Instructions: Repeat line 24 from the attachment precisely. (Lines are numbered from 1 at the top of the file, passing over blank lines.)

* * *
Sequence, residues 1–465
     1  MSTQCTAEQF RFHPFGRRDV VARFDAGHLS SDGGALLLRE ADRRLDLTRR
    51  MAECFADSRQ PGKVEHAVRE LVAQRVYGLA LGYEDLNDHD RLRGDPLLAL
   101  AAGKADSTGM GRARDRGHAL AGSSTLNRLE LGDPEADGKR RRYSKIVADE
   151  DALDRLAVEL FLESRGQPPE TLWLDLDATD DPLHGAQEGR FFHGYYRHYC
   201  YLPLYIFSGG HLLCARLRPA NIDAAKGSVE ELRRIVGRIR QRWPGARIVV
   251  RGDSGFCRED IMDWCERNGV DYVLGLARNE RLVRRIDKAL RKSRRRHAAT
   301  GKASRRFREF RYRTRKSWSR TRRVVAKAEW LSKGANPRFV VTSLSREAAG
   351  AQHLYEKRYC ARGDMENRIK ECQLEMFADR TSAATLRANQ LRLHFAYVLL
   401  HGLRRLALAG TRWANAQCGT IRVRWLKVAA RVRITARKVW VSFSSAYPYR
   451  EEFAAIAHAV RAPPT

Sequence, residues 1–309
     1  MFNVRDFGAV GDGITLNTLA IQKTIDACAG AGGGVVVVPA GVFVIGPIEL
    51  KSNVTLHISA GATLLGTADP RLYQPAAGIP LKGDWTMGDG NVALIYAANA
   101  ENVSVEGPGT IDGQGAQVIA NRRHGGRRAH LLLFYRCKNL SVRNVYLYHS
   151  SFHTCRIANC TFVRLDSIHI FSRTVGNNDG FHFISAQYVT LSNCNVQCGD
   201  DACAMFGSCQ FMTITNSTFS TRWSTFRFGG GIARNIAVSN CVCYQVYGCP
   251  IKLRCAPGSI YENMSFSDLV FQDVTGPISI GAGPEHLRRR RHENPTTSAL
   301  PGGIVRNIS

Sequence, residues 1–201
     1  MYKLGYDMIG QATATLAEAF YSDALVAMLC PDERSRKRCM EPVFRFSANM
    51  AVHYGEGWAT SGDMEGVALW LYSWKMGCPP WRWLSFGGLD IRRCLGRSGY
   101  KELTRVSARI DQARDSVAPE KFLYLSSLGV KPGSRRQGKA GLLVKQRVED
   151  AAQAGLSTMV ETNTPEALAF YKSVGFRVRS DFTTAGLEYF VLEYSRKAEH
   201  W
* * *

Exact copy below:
   151  AAQAGLSTMV ETNTPEALAF YKSVGFRVRS DFTTAGLEYF VLEYSRKAEH